The Blue Jays’ 9-4 loss to the Yankees last night didn’t just kick off a three-game series between the two clubs, it marked the start of the Jays’ most important stretch of the 2013 season.
Major league teams play each of their divisional opponents 19 times this season for a total of 76 games. For the Blue Jays, 33 of those contests—nearly half of their season total—will already be in the books before they hit full-time interleague play at the end of May.
Over the next 37 days, the Blue Jays will play nine more games against the Yankees, seven each against the Orioles and Rays, and six against the Red Sox. Series-wise, it divides up to one at home and two on the road against New York, with one each at home and on the road against Baltimore, Boston, and Tampa Bay.
The best way to for a team to control its own destiny and put itself in a better position to make the postseason, obviously, is to dominate against divisional opponents. The only problem, though, is that the Blue Jays haven’t had much success in that department in recent memory, especially over the last four years.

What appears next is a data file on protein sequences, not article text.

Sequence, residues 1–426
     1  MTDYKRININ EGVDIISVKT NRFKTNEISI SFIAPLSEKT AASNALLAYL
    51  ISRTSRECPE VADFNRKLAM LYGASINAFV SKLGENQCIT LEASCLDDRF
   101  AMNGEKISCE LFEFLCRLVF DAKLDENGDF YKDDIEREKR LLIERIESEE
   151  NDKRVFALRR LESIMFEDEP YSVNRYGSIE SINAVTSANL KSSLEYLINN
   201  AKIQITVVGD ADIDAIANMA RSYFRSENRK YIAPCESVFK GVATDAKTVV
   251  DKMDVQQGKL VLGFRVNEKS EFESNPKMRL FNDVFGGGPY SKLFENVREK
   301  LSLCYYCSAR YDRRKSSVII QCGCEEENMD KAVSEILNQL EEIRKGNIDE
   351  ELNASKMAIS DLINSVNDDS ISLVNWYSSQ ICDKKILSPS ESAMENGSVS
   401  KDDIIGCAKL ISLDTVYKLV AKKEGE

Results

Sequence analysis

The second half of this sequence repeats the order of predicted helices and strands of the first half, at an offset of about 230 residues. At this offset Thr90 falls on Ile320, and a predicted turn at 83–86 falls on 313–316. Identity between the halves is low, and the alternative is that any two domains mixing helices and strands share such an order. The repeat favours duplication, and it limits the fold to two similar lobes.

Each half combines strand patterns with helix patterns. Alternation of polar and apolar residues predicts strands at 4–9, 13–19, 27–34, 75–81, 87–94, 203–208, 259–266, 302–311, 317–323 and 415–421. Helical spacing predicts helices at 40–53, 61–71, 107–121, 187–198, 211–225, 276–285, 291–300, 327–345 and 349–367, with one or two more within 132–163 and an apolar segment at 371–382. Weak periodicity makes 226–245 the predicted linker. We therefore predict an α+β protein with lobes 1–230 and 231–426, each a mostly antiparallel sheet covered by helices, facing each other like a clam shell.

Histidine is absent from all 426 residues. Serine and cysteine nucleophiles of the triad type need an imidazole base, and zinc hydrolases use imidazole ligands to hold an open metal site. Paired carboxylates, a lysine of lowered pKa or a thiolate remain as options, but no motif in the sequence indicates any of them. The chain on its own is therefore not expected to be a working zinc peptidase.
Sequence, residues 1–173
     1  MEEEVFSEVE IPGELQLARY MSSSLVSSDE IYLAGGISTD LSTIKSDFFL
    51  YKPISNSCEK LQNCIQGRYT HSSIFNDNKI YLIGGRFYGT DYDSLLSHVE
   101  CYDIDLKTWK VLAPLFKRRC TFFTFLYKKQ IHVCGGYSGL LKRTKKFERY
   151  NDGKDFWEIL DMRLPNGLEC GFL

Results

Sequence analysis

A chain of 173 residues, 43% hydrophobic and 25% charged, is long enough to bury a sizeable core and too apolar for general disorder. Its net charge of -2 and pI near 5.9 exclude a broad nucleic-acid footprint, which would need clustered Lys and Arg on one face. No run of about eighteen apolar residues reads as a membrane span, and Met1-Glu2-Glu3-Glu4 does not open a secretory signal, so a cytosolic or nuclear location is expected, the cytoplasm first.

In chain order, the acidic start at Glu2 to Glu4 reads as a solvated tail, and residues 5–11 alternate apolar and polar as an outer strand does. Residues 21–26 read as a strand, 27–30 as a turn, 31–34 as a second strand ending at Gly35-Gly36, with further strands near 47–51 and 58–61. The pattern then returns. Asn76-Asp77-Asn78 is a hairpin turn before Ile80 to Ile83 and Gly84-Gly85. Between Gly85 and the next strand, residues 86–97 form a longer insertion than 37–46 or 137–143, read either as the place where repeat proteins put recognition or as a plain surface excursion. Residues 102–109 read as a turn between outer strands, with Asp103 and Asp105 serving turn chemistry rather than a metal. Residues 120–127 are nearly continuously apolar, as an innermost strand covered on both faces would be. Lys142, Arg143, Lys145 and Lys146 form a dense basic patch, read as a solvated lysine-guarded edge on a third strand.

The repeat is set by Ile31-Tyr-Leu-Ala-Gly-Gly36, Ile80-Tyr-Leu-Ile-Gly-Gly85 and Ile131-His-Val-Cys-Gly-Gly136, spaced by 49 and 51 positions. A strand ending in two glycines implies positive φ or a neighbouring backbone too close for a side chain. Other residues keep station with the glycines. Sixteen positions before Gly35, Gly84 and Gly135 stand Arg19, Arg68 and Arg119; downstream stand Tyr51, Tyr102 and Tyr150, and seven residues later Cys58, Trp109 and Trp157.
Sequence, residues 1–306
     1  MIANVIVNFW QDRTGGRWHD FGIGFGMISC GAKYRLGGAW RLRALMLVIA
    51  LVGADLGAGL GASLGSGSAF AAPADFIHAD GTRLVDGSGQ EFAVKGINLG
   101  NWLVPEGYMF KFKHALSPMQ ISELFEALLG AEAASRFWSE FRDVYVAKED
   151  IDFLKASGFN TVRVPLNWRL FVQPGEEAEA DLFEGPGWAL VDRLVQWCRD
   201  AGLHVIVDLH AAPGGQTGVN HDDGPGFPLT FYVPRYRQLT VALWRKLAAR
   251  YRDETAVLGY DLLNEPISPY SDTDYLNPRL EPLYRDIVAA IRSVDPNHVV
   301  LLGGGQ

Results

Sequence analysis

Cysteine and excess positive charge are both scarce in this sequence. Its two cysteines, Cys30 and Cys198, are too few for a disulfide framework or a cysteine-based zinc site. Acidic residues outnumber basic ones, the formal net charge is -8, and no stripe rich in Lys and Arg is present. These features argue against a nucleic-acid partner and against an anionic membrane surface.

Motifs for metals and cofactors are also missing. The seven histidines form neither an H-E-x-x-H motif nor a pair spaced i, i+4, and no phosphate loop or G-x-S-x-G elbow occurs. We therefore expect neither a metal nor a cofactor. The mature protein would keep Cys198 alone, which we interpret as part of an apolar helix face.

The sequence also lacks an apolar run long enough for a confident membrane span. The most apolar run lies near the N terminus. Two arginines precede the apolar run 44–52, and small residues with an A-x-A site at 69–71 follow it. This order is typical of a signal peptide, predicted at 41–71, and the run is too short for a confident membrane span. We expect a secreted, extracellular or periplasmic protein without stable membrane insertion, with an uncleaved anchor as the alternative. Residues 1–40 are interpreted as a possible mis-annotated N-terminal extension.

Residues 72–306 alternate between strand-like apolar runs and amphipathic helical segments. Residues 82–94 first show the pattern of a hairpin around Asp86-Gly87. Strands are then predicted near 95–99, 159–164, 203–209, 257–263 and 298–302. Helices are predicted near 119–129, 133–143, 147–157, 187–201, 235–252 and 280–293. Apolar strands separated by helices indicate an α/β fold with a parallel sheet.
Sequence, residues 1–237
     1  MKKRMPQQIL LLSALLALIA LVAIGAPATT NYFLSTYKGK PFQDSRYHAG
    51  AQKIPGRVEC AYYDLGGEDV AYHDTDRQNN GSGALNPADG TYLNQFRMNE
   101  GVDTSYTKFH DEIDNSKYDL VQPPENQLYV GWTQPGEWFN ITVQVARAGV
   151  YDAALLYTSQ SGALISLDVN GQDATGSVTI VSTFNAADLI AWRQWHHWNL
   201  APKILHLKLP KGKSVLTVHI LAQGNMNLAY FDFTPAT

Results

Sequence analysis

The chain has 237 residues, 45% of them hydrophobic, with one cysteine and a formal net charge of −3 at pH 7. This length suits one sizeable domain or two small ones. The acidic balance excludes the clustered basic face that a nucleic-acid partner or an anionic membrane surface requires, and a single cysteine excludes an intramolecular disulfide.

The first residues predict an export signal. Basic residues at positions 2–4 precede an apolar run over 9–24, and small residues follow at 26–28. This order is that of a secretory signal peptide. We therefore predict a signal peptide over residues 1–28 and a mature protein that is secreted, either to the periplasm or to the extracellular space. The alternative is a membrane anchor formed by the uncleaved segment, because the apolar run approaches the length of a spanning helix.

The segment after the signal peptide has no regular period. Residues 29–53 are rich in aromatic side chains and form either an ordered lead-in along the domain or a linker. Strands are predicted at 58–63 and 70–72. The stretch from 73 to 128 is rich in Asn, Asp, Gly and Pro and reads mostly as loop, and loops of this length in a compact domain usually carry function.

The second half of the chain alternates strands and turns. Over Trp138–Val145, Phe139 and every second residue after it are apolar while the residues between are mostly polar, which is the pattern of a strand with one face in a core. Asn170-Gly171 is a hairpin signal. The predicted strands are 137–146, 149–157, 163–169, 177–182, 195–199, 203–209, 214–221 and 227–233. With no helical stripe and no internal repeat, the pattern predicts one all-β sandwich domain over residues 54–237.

Sure, the Jays were able to string together a lengthy streak of consecutive wins against the Orioles. Since the start of the 2009 season, the Blue Jays have gone 43-29 against the O’s with a run differential of +42--though it was an Orioles club that finished last in the AL East three out of four times.
The results against the Yankees and Red Sox aren’t as rosy. Over the same span, the Blue Jays have gone 30-42 against New York with a run differential of -24, and 32-40 with a run differential of -72 against Boston. The results against the Rays are much, much worse, as the Jays have gone 22-50 against Tampa Bay with a run differential of -142 since 2009.
Starting with the 2009 season could fall into the arbitrary endpoint argument, but the results aren’t drastically better when going further back in Blue Jays history. Though they have came close a few times, the Blue Jays haven’t finished .500 or better against all four divisional opponents in the same season in 15 years. 15. The last time Toronto accomplished the feat was in 1998, when the Tampa Bay Devil Rays played their first season and when teams only played divisional opponents a maximum of 12 times. In other words, since Major League Baseball increased divisional play in 2001, the Jays have never had a winning record against each of their foes in the same season.
Doing just that this season wouldn’t only be nice, it’s essential.